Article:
Academic journal article High School Journal

How Science and Math Teachers Address Different Course Levels: Advanced Placement (AP), Honors, and Regular

Academic journal article High School Journal

How Science and Math Teachers Address Different Course Levels: Advanced Placement (AP), Honors, and Regular

Article excerpt

The purpose of this study was to examine how practices and attitudes of high school teachers vary when comparing Advanced Placement (AP) courses to regular and honors track courses. The sample included science (n=85) and math (n=58) teachers who taught both an AP course and either a regular or honors course. These teachers indicated their pedagogical beliefs, the emphasis placed on different learning goals, the frequency of practices, and student autonomy. Unsurprisingly, teachers reported having AP students practice for standardized tests and learn test-taking strategies significantly more often than students in regular or honors track classes. Teachers also emphasized homework more often in AP than regular courses, and they gave students assessments requiring constructed responses to AP students more often than students enrolled in their regular classes. Interestingly, science teachers indicated having significantly less control in determining goals and selecting topics in AP classes compared to regular or honors, while math teachers indicated often having significantly more control in AP than in regular courses. Greatest differences were found between AP and regular math courses. Teachers reported differing goals and practices that imply AP math courses integrate more student engagement, promote greater depth of understanding, and better prepare students for further study. Results also underscore the importance for researchers to understand which students are being considered when teachers participate in research.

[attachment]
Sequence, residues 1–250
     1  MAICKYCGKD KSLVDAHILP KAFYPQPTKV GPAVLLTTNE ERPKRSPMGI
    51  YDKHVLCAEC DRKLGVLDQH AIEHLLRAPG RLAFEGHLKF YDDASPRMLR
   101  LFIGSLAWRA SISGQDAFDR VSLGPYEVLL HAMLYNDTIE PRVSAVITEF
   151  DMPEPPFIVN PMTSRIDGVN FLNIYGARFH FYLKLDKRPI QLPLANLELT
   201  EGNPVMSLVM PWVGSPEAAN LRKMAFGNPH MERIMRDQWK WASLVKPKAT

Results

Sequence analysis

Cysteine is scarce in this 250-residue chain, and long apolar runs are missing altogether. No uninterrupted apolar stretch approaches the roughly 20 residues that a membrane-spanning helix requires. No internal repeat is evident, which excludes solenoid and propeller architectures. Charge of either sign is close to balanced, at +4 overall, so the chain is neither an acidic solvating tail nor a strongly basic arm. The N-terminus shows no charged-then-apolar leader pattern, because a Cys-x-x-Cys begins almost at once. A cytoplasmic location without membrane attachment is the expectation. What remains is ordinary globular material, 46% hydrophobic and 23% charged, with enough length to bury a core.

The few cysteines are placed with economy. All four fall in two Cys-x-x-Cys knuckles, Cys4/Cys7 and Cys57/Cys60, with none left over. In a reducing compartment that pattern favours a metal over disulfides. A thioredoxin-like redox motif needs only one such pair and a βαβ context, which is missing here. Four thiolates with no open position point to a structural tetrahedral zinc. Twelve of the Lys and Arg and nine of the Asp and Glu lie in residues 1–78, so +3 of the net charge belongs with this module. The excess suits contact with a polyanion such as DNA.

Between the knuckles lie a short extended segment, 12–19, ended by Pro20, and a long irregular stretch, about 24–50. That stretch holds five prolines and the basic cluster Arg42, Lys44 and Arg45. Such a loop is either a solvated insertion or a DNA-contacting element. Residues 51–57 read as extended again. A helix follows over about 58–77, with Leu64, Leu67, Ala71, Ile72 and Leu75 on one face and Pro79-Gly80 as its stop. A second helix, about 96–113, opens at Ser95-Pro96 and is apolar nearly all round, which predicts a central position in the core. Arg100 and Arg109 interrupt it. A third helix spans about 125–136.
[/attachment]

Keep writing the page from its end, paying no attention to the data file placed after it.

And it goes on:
Keywords: Advanced Placement, high school, science, math, mathematics, honors, autonomy, classroom practices, attitudes, beliefs, teaching, secondary education


High school teachers are often charged with the responsibility of teaching multiple types of courses. A science teacher may instruct a general science class in the morning and an advanced environmental science class in the afternoon. However, most research about teacher dispositions do not account for the possibility of shifting attitudes and practices in relation to varied courses. For example, the Schools and Staffing Survey (SASS) prompts secondary teachers to indicate the different courses they teach, but then teachers respond holistically about all their classes, such as asking how prepared they feel they are to assess their students (Goldring, Gray, & Bitterman, 2013). This type of aggregate method does not capture the nuanced approaches and attitudes teachers may possess for the various courses they teach.

Those various courses are often viewed as belonging to specific tracks: regular, advanced or honors, and college level courses. College level courses can be defined broadly as any course that focuses on "college level" curriculum. This includes high school courses that have arguably equivalent curriculum and rigor to a postsecondary level, including dual enrollment courses, which are administratively overseen by an institution of higher education. Here, however, the focus is on the definition of college level courses in high schools that are associated with high stakes end-of-year tests wherein proficiency on those tests can be exchanged for university credit. The most notable of these exam-based systems are Advanced Placement (AP), International Baccalaureate (IB), and Cambridge International Examinations [CIE). In American high schools, AP is the most common of the three and its popularity has been on a rapid rise with AP course offerings growing over 500% in the last two decades (Judson & Hobson, 2015).

AP Background

There are requirements, varying somewhat among the different content areas, which have been established by the College Board in order for a school to bill a course as AP. Notably, a course must participate in an AP Course Audit which may include requirements such as using appropriate textbooks, ensuring the teacher has read AP materials, guaranteeing the course is structured around key concepts, and submitting a syllabus aligned with AP framework. …

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